The Vegetarian Resource Group is an activist non-profit organization that does outreach all-year-long. We table at different events throughout the USA and also send literature free of charge to other groups/individuals doing educational activities in schools, hospitals, camps, restaurants, libraries, etc. Our ability to continue doing this depends on people like you! Your donations allow us to promote the vegan message whenever we’re called upon for assistance. Please consider becoming a monthly or quarterly donor to VRG.

Thanks so much for your support. You can become a monthly or quarterly donor online here: vrg.org/donate

FAUX LEATHER

Posted on January 24, 2017 by The VRG Blog Editor

I found this essay http://www.vrg.org/nutshell/leather.php when I was searching for different definitions of faux leather and I do agree with this essay. Firstly, faux leather is really a great alternative for real animal leather, not only because of its cheap prices, but more importantly, it is an animal-friendly option for animal protectionism and vegetarians. In fact, faux leather could be used in so many fantastic places in our life. Apart from clothing, upholstery, and accessories, faux leather is also widely used as shoe upper fabrics and lining fabrics. Actually, my company is running a big faux leather business in China. Visit Bridgesl.com.
Yours sincerely, Leo LIN

Readers may also be interested in http://www.vrg.org/blog/2016/12/09/whats-the-deal-with-vegan-leather/

The contents of this posting, our website and our other publications, including Vegetarian Journal, are not intended to provide personal medical advice. Medical advice should be obtained from a qualified health professional. We often depend on product and ingredient information from company statements. It is impossible to be 100% sure about a statement, info can change, people have different views, and mistakes can be made. Please use your best judgement about whether a product is suitable for you. To be sure, do further research or confirmation on your own.

Vegan Menu Options at Subway®

Posted on January 23, 2017 by The VRG Blog Editor

subway-logo-02

By Jeanne Yacoubou, MS

Subway’s US Product Ingredients Guide appears as a PDF link accessible from the right side of its Nutrition Information webpage: http://www.subway.com/en-us/menunutrition/nutrition

Based on this Product Ingredient Guide and confirmed information from Subway (see below for details), The VRG has developed this list:

Subway’s Vegan Bread Products
• Hearty Italian Bread
• Italian (White) Bread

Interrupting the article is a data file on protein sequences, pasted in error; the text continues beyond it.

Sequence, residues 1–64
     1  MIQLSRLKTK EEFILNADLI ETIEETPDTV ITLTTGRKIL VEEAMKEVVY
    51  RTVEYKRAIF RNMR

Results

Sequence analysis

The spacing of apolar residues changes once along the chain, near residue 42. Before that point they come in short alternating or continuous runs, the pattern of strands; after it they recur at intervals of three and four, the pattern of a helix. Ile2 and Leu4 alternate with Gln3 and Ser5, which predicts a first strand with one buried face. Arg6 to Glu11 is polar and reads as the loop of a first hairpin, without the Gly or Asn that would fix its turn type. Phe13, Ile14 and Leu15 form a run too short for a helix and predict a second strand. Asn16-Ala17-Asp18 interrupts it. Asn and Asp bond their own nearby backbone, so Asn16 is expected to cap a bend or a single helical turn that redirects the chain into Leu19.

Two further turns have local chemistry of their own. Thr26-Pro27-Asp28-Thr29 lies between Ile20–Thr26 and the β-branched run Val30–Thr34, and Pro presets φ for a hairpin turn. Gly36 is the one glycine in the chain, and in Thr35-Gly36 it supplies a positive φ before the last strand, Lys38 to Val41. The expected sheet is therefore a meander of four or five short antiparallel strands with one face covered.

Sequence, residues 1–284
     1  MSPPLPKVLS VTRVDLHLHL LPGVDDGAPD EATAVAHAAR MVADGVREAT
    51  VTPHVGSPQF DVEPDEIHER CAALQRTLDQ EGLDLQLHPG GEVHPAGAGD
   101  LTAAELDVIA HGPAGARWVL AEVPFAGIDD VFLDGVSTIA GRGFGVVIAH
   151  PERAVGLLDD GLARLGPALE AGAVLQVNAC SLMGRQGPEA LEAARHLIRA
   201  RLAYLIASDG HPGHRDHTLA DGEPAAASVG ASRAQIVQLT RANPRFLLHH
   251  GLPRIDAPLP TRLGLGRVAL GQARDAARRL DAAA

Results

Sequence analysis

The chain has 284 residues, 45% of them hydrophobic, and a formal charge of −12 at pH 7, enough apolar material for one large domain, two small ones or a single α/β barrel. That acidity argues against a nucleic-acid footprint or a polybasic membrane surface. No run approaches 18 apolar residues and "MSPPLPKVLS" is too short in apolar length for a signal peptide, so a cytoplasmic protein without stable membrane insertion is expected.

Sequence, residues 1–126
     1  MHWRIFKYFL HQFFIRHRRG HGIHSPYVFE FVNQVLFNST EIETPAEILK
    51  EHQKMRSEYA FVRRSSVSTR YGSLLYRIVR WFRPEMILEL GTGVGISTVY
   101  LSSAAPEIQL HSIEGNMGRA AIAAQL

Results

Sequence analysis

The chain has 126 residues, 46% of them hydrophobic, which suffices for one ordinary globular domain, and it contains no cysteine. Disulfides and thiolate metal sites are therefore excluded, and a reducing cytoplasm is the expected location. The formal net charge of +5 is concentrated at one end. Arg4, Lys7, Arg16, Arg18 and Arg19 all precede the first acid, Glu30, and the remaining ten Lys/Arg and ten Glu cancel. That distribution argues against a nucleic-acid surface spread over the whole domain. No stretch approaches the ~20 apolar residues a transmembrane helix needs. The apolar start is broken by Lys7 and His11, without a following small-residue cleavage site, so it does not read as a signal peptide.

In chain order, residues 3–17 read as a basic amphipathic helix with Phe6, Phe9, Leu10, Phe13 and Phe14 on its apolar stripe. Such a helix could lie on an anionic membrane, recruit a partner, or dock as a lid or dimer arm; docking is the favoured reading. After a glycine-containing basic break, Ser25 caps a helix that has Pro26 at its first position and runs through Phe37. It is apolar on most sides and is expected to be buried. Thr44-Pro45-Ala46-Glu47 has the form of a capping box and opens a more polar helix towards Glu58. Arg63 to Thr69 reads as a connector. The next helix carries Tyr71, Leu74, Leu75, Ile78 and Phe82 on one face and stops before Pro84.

• Roasted Garlic Bread
• Sourdough Bread
• Wrap

Please note that products and ingredients can change.

Lanette Kavachi, Corporate Dietitian at Subway, wrote to us in September 2016 that “The sugar used in the Italian, Roasted Garlic and Sourdough breads is NOT processed through cow bone char.” [VRG Note: All capitals in “not” are Lanette’s.]

Rye bread is also listed and appears to be vegan. Lanette informed us in January 2017 that “The rye bread is coming off the menu; we are just depleting inventory.” She did not provide any more information on it.

In a follow up email in which The VRG inquired whether Subway had received certificates from suppliers explicitly stating that “No cow bone char was used to process this sugar” Lanette told us that “We specifically asked our suppliers if sugar they used was processed through cow-bone char.”
We asked Lanette about the natural flavor in the Roasted Garlic Bread. We also asked if sorbitan monostearate, possibly made from animal-derived stearic acid, had been used by the manufacturer as an emulsifier in their bread yeast as it is by some other companies. Lastly we inquired if the yeast extract in some Subway breads was made with typically animal-derived L-cysteine as a reaction flavor. Her response to all of these questions was: “The Italian, Sourdough and Roasted Garlic Breads do not contain any animal-derived ingredients.”

Subway’s Wrap contains mono- and diglycerides as well as sugar. Lanette reported to us that “for the Wrap the sugar is not processed through cow bone char and the mono and di-glycerides are plant-derived.”

Subway’s Product Ingredients Guide for Sourdough Bread also lists “dextrose” (i.e, glucose, a simple sugar) as well as “sugar” as ingredients. We asked Lanette about dextrose’s source and processing method and she responded by saying: “The sourdough sugar is not processed through cow bone char.”

According to the second question on the Menu Nutrition FAQ page http://www.subway.com/en-us/menunutrition/menu/menunutritionfaqs

Q: What is the origin of the enzymes in the Italian…bread?
A: These ingredients are plant-derived.
Lanette also told us that “The enzymes in the Sourdough Bread…[are] plant-derived.”

The other breads at Subway are not vegan.

Subway breads containing honey:
• 9-Grain Wheat Bread
• Honey Oat Bread
Subway breads containing dairy:
• White Flatbread
• Multigrain Flatbread
• Italian Herbs & Cheese Bread
• Monterey Cheddar Bread
• Parmesan/Oregano Bread

Subway’s VegiMax Patty (the name as it appears on the US Products Ingredients Guide) contains egg whites and calcium caseinate (a milk derivative). Nutrition facts (e.g., calories, grams of fat, protein, etc.) about this product are found on the PDF titled Subway US Nutrition Information accessible from the right-hand menu listed on Subway’s Nutrition page after clicking on “Nutrition Data Tables”: http://www.subway.com/en-us/menunutrition/nutrition

In that PDF the VegiMax Patty (listed as “Veggie Patty”) appears under the sections titled “Limited Time Offer/Regional Subs” and “Individual Meats.”

Note: Nutrition facts about the VegiMax Patty are not located on Subway’s Nutrition webpage where an interactive Nutrition Facts data table is displayed.

As Lanette explained: